Childebert III, called the Just, was the son of Theuderic III and Clotilda and sole king of the Franks. He was but a puppet of the mayor of the palace, Pepin of Heristal, though his placita show him making judicial decisions of his own will against the Arnulfing clan, his nickname has no comprehensible justification except as a result of these judgements, but the Liber Historiae Francorum calls him a "famous man" and "the glorious lord of good memory, the just king." He had a son named Dagobert, who succeeded him, as Dagobert III but his wife was not Edonne, the invention of fantasists. It is possible, though not that Chlothar IV was his son, he spent his entire life in a royal villa on the Oise. In 708, during his reign of sixteen years, the bishop of Avranches, Saint Aubert, founded the monastery of Mont-Saint-Michel at the urging of the Archangel Michael. Upon his death on 23 April 711, southern Gaul began to grow independent: Burgundy under Bishop Savaric of Auxerre, Aquitaine under Duke Odo the Great, Provence under Antenor.
He died at St Etienne, France. He was buried in the church of St Stephen near Compiègne. From Merovingians to Carolingians: Dynastic Change in Frankia. Pfister, Christian. "Childebert". Encyclopædia Britannica. 6. P. 137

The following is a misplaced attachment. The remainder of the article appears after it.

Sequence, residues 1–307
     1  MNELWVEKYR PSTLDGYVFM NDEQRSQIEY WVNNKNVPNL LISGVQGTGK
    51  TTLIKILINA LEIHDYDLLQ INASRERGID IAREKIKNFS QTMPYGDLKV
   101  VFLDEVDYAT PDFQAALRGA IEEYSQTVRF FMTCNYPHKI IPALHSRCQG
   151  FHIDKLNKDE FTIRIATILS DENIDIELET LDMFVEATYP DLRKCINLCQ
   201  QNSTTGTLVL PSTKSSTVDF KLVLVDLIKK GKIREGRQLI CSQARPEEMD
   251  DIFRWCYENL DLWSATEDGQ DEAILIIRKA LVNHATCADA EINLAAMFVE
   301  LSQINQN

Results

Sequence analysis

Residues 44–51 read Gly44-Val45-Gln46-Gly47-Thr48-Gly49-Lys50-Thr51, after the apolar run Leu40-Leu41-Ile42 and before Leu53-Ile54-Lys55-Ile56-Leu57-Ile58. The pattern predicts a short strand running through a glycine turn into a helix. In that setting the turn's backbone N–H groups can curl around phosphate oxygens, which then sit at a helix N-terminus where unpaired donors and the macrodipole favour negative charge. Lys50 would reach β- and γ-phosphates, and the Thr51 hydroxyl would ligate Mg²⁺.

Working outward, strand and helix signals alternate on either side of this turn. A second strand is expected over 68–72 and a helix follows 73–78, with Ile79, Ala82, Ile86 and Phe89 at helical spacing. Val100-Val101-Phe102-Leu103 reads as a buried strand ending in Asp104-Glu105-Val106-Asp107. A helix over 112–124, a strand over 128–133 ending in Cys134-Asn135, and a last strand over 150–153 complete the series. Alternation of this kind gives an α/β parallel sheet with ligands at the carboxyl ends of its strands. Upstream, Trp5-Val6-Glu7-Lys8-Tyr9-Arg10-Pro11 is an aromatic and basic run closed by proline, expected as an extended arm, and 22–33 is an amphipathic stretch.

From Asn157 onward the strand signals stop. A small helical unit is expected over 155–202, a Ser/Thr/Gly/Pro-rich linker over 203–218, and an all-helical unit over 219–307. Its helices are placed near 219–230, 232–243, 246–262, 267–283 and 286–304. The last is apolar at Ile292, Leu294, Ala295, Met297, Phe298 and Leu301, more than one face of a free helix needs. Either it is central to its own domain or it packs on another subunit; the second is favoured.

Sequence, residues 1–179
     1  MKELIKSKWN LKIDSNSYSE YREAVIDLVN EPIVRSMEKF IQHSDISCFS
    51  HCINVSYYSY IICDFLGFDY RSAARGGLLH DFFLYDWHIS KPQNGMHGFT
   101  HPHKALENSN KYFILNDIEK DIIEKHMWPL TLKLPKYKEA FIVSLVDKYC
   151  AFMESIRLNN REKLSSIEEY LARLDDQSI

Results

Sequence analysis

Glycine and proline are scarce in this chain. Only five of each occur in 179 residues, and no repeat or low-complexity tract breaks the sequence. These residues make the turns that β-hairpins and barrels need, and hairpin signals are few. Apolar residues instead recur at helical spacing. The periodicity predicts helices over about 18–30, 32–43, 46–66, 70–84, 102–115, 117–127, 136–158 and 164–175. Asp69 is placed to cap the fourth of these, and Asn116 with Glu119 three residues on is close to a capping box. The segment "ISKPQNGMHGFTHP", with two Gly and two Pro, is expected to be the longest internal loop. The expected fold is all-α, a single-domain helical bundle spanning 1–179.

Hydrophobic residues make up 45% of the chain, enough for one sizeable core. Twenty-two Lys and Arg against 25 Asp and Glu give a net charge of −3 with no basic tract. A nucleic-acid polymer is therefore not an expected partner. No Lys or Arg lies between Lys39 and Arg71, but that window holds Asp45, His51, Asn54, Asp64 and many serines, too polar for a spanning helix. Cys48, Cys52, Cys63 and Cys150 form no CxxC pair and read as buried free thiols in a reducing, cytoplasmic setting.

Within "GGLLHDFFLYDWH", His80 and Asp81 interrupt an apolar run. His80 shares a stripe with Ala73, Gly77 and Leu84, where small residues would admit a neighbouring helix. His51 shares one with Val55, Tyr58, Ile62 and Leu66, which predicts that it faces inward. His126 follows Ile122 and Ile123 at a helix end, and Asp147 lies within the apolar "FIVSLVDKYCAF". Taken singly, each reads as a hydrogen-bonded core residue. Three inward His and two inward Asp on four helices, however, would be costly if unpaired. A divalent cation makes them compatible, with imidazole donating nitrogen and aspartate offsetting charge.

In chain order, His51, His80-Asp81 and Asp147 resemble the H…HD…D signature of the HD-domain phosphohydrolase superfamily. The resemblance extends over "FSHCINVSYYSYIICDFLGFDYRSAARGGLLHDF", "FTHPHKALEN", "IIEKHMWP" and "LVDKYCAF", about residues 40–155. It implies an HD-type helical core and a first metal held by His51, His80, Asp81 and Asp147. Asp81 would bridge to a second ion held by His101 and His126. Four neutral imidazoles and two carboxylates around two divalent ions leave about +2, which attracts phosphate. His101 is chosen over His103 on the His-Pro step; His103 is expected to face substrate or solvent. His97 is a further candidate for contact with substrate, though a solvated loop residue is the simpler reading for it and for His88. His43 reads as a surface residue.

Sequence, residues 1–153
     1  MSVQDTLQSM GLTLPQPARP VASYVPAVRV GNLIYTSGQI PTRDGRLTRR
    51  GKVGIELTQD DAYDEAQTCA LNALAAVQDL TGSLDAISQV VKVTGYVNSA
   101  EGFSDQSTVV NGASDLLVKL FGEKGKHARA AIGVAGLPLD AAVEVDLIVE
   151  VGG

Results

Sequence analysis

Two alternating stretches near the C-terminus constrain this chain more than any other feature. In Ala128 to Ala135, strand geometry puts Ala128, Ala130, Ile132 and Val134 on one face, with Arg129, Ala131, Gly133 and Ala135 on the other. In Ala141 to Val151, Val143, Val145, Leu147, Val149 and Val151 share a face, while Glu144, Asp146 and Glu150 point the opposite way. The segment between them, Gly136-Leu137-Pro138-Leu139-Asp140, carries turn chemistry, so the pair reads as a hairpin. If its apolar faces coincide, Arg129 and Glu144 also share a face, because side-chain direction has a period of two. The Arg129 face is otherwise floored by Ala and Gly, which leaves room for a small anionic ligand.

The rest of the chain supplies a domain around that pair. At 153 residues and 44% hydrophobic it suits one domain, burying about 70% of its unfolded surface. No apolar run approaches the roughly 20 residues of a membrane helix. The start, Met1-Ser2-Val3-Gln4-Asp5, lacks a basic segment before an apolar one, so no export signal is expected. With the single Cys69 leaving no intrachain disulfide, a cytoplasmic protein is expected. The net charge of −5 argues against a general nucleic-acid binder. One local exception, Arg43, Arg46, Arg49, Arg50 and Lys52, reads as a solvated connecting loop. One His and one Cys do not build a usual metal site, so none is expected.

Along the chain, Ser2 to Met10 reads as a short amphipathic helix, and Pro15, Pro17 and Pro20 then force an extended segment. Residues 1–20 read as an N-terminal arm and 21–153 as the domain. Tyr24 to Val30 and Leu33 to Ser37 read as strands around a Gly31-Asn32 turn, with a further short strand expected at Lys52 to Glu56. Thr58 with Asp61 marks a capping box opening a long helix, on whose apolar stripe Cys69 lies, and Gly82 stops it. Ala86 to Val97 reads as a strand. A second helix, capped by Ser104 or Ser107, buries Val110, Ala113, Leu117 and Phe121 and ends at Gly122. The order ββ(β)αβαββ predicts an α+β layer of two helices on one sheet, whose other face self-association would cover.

The Church of Nuestra Señora de la Asunción is a temple of worship Catholic Church and predominantly baroque style located in Villamelendro de Valdavia, belonging to the municipality of Villasila de Valdavia, province of Palencia, autonomous community of Castilla y León, Spain. The Fuero de Villasila y Villamelendro granted by Alfonso VIII in 1180 attests to the existence of both towns at least since the 12th century, with the priests of both parishes coming to Carrión to request this privilege, it is therefore not surprising. In fact, two different axes of symmetry can be seen; the part of the presbytery presents a different alignment from the rest of the nave, so it can be deduced, being closer to the village, that this is the oldest part over which the rest of the building was enlarged. On 21 February 1527, during the general chapter of the Order of Santiago, which took place in Valladolid, and, presided over by Carlos I of Spain, the examination of the books of the visitation carried out in Old Castile by Lope Sánchez Becerra and Juan Alonso, a priest of Montemolín, was begun.